}

On each component, we specify our key prop and set its value to a combination of color and index position inside the colors array. This ensures that each component we dynamically create ends up getting a unique identifier that React can then use to optimize any future UI updates.

Check Your Console Yo!

React is really good at telling you when you might be doing something wrong. For example, if you dynamically create elements/components and don't specify a key prop on them, you will be greeted with the following warning in your console:

Warning: Each child in an array or iterator should have a unique "key" prop. Check the top-level render call using <div>.

When you are working with React, it is a good idea to periodically check your console for any messages it may have. Even if things seem to be working just fine, you'll never know what you might find :P

Conclusion

All the tips and tricks you've seen in this article are made possibly because of one thing: JSX is JavaScript. This is what allows you to have your JSX live wherever JavaScript thrives. To us, it looks like we are doing something absolutely bizarre when we specify something like this:

for (var i = 0; i < colors.length; i++) {
  var color = colors[i];
  renderData.push(<Circle key={i + color} bgColor={color}/>);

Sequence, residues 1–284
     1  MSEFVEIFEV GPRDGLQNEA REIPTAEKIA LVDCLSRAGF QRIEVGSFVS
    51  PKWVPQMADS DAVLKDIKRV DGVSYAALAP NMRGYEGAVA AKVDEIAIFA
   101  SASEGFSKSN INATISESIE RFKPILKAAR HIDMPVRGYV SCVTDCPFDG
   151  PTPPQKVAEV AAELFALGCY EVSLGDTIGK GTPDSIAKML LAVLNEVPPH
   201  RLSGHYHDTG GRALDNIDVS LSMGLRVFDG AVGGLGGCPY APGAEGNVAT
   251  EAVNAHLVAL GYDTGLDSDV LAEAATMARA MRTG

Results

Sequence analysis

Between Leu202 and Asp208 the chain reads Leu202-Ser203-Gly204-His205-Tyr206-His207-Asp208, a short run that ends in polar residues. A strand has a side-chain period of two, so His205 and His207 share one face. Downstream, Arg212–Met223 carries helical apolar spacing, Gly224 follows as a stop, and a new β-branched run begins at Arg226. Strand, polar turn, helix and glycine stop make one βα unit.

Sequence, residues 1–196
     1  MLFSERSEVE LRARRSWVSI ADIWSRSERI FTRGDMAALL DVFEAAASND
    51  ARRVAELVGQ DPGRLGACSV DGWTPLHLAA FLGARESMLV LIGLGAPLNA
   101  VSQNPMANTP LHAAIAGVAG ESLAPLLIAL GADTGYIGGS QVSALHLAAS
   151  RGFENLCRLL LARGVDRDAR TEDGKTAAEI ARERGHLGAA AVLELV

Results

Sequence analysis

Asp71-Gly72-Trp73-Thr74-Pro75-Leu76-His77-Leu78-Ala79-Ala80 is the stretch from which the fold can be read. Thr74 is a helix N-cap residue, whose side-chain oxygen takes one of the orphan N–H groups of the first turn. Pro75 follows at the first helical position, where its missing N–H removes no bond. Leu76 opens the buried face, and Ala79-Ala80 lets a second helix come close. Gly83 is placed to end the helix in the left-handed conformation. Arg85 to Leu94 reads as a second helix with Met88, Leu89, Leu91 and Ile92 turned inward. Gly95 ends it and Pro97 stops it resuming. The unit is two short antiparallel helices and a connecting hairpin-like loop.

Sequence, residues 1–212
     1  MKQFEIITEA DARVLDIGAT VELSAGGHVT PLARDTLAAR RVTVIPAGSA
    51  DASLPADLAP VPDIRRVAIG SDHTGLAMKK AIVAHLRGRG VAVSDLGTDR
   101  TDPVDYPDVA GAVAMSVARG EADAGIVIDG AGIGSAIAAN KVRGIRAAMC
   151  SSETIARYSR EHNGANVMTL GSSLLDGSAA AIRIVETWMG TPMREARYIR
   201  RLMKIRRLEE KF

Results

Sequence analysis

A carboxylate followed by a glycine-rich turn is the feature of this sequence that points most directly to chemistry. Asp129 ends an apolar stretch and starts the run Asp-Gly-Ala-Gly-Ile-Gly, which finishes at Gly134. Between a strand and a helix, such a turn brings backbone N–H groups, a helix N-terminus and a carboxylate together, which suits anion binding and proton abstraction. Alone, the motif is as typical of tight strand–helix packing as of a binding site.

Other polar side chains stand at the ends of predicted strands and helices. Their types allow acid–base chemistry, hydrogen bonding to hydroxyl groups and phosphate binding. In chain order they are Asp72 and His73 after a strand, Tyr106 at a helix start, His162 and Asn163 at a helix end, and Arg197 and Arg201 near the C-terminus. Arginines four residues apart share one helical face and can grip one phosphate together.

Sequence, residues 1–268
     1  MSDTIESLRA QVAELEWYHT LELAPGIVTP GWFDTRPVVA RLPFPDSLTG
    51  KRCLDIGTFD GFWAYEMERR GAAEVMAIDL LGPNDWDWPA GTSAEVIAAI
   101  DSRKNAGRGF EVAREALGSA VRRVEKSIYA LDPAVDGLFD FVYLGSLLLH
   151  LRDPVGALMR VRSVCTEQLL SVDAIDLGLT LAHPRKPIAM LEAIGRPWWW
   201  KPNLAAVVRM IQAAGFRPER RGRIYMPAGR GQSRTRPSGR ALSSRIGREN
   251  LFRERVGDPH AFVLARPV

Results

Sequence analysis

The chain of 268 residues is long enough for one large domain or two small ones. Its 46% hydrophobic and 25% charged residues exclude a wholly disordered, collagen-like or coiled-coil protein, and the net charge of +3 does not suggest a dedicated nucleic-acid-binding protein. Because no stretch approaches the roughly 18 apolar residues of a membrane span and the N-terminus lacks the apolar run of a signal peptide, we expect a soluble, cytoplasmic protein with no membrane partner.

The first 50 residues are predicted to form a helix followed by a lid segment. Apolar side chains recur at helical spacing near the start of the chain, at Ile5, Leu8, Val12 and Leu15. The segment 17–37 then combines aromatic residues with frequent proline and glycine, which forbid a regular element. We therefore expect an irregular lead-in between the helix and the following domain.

}

Even though we are pushing pieces of JSX to an array, just like magic, everything works in the end when renderData is evaluated inside our render method. I hate to sound like a broken record, but this is because what our browser ultimately sees looks like this:

for (var i = 0; i < colors.length; i++) {
  var color = colors[i];
  
  renderData.push(React.createElement(Circle, 
    { 
      key: i + color,
      bgColor: color 
    }));
}

When our JSX gets converted into pure JS, everything makes sense again. This is what allows us to get away with putting our JSX in all sorts of uncomfortable (yet photogenic!) situations with our data and still get the end result we want! Because, in the end, it's all just JavaScript.

If you have a question about this or any other topic, the easiest thing is to drop by our forums where a bunch of the friendliest people you'll ever run into will be happy to help you out!